Liberal Democrats back campaign to free our postcodes

Welcome news from the blog of Lynne Featherstone (who, apart from being a LibDem MP, is also chair of the party’s Technology Advisory Board):

We need postcodes to be owned by the public – not sold to the public. Postcodes are the basic pre-requisite for allowing services to be developed that support democratic accountability.

It’s an important issue because the Royal Mail’s decision to take a hard line in enforcing its legal rights means a range of useful public services – including ones to help unemployed people find jobs and to help residents hear about planning applications near them – have been shut down. It’s a topic Labour MP Tom Watson blogged about on this site last month:

The recent decision by Royal Mail to close down the Ernestmarples.com web site shows us how our public institutions are woefully unprepared to seize the new opportunities created by the internet.

Lynne’s views are concurred with by John Thurso, the party’s Shadow Secretary of State for Business, Innovations and Skills, making this a welcome development of party policy in this area.

Overall the shape of the party’s general election manifesto in terms of issues raised by the internet and digital developments is still very much up in the air. News such as this, and scepticism in the party towards Peter Mandelson’s proposals to cut off people’s internet connections without proper process and with the assumption of guilt by default, are positive.

However, other noises are less positive – such as the summary of policy on the main party website, which is heavy on cracking down on illegal file sharing and silent on issues such as encouraging the music industry to be more imaginative in its business models and to learn from the successes of others in meeting the challenges of the digital age. Lots of stick and no carrot.

One problem is that the party doesn’t have one person in overall charge (whether formally or informally) of policy in this area. It is in effect split up between Lynne Featherstone, John Thurso and Don Foster at the Parliamentary level and at the FPC and Manifesto Group level there is a distinct shortage of people with particular interest or expertise in these areas. There are plenty of people who listen politely and intelligently, but very few who are actually pushing the party to adopt a modern set of policies in this area.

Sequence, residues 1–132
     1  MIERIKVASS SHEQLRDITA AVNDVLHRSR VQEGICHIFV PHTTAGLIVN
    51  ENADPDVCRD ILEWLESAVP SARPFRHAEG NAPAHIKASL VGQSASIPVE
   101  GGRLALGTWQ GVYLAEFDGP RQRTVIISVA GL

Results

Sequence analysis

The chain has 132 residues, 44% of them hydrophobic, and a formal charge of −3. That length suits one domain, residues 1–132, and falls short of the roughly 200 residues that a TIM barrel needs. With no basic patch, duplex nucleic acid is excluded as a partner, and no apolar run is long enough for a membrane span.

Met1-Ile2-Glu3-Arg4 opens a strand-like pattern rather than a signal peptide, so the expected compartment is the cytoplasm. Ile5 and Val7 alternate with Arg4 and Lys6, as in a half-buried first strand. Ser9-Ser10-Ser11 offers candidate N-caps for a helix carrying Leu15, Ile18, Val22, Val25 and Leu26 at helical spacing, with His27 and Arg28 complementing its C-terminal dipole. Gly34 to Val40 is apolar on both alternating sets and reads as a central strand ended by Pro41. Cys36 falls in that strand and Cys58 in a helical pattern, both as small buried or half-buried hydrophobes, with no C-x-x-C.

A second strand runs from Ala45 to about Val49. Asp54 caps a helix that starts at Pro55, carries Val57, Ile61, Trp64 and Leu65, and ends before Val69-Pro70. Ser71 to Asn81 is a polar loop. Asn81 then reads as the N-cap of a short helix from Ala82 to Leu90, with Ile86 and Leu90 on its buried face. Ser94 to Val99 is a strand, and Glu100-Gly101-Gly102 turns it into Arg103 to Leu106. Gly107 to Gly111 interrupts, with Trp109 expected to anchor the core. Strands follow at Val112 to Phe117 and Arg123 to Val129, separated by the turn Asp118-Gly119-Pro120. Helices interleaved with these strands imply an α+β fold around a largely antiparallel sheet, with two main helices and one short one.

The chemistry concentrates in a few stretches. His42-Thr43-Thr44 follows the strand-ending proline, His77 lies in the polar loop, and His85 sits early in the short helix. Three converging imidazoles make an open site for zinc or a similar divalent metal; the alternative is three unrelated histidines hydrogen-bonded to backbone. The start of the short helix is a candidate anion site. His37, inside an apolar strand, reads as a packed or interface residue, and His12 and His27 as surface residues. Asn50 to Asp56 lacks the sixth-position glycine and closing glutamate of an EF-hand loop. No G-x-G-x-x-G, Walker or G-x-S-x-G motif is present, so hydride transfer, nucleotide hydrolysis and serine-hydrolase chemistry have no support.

This news is then a very welcome step in the right direction – but should be followed by several more.

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This entry was posted in News and Party policy and internal matters.
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10 Comments

  • The question is, how does one get to influence party policy in this regard? I’ve put myself down on the party’s manifesto site as being interested in these issues, but nobody’s ever tried to discuss them with me as a result of that.

  • Well, let’s hope this comes along with robust policies to secure the future of postal services, then.

    Royal Mail is in a bind because it is expected to operate as a business, with due regard to its bottom line, while simultaneously acting under the constraints of being a public enterprise. If the party advocates limiting its business activities, such as selling postcode data, then let’s hope the party also has plans for robust funding to support the social side of its business.

    While do I have sympathy for the point you are making, Mark, I have to ask myself: what is more important to me? The largely undefined ‘useful public services’ you mention, or a very concretely useful affordable postal service that I can rely on and a local post office with services I can access?

    The social capital for communities from keeping post offices open seems to be something my local party is, rightly in my view, rather keen on if its Focus leaflets are anything to go by.

    And, rightly or wrongly, selling postcode data funds postal services. Take away that revenue and it will either have to come from somewhere else or we will have to consider the notion that postal services should be entirely the preserve of the free market.

    While that will undoubtedly have its advocates, I’m not sure that’s party policy, or that I would support it if it was.

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